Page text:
One of my favorite sessions at the SCBWI-Iowa conference last weekend was Wendy Delsol‘s “Rookie Season: What to Expect Throughout the Editorial Process and the First Year” (the conference was baseball-themed, helloooo Cracker Jack!). Wendy’s debut novel STORK was published last October by Candlewick Press and the sequel, FROST, is out this coming October. And if that wasn’t enough, her adult novel THE MCCLOUD HOME FOR WAYWARD GIRLS will be available from Berkley Books on August 2. With all that writing and editing and editing and writing, who better to share insights into the publishing process as a debut author?!

Wendy took us through the basic process of getting an agent, revision, submission to editors, revision, copy edits, did I mention revision, and finally publication and promotion. Some new-to-me pieces of advice:

  • Know the hierarchy of publishers you’re targeting (managing editor, associate editor, etc.) and how many bosses to whom your editor is reporting.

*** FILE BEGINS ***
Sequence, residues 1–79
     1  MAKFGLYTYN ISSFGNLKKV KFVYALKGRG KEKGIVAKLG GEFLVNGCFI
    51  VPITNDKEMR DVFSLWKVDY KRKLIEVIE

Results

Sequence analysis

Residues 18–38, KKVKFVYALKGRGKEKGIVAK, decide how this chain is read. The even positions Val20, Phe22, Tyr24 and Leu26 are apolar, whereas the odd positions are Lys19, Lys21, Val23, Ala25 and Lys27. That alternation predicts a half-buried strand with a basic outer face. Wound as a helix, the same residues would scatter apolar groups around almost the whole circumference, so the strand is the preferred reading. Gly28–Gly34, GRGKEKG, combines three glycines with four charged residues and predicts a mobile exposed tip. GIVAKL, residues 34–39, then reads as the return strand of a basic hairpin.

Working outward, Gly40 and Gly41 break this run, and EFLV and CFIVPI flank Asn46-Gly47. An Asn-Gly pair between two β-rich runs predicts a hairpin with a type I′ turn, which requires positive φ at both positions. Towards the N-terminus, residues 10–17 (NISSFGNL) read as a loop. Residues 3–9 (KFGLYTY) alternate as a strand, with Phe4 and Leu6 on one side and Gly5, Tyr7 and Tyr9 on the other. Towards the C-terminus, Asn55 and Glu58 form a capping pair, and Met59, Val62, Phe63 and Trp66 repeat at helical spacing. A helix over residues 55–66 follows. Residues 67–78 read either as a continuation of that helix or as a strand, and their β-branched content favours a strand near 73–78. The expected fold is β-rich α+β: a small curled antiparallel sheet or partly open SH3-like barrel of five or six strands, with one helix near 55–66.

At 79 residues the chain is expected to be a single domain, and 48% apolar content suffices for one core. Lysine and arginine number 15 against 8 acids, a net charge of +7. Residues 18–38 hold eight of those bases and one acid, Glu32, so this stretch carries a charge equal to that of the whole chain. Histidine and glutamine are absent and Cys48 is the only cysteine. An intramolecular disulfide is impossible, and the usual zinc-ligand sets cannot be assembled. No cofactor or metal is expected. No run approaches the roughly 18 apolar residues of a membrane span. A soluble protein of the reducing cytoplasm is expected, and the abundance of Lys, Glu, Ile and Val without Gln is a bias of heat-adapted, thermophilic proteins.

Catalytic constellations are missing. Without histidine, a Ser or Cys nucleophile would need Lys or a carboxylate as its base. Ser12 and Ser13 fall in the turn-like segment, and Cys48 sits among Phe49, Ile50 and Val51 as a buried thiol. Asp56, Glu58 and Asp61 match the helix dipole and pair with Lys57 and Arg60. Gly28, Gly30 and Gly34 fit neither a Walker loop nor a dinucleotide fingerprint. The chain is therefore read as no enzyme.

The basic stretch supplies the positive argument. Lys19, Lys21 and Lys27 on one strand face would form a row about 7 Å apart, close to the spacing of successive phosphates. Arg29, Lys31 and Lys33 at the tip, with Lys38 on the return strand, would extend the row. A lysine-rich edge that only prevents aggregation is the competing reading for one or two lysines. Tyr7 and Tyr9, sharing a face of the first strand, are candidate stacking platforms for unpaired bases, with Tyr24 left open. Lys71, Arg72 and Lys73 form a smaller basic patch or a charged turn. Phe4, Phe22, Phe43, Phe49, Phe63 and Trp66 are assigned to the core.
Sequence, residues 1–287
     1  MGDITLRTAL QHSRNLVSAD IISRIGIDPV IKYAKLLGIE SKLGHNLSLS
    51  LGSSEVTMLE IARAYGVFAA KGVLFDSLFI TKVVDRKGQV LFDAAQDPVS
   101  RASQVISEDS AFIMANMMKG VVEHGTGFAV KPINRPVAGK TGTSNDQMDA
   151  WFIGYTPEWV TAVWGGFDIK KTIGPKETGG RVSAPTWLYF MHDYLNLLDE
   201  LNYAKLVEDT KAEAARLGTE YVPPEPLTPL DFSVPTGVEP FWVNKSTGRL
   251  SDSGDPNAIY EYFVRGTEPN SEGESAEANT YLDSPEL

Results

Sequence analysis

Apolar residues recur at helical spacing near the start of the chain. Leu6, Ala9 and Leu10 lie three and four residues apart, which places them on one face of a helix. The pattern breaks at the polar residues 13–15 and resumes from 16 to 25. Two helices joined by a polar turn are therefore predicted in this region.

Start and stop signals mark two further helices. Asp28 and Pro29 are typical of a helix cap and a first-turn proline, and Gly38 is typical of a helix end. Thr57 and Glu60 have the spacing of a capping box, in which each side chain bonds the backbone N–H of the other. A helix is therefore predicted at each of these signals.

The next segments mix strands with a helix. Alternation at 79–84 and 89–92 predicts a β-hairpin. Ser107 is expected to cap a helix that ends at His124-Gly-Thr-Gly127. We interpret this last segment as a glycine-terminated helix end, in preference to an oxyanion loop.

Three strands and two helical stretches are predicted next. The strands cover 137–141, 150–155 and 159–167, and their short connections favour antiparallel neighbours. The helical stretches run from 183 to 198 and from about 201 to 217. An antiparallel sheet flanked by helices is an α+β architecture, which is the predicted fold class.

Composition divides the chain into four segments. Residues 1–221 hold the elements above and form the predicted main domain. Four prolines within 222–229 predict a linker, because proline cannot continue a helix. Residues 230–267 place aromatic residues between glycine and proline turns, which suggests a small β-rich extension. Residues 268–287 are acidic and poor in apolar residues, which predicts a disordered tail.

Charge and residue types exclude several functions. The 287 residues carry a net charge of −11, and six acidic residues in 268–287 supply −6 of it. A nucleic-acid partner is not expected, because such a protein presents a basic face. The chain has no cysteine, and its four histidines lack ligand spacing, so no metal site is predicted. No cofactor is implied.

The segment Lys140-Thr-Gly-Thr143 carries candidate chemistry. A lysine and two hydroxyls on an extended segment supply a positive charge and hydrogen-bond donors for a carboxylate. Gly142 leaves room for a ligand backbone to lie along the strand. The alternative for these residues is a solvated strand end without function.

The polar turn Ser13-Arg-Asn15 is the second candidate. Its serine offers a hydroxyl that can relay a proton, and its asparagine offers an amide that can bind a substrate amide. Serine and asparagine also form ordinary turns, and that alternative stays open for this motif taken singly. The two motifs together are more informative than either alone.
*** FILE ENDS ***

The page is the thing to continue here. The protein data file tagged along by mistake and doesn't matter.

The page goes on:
• Make your own style sheet for reference. Each publishing house has their own for standard grammar, but it will help during your personal revisions if you keep track of character names and spellings, comma use, spelling of phrases and contractions, etc.
  • When you get your first pass pages or galley sheets, proofread them with your copy-edited draft close by to make sure those changes got made. Also, once the book reaches this point, most publishers won’t be happy about any stylistic language changes. Eventually you have to let the text go and just be done!
  • Blurbs for your book’s cover really are genuine. Wendy was only acquainted with one of the people who blurbed STORK; it wasn’t based on publisher affiliations or uber-personal connections, they just truly enjoyed the book.
  • When planning a book launch or author event, be realistic. Do things on a scale where you know you can fill the seats. Why set yourself up for failure? This is the time to bring in family and friends from all parts of your life. (read more about Wendy’s launch event here)
  • When people ask what they can do to help publicize your book, tell them to leave reviews on Amazon.

To learn more about Wendy and keep up to date on all her exciting news, visit her website, Twitter feed, or read her Writing Cave interview.

Anyone else have debut tips to add? Anything in your experience or on this list that surprised you?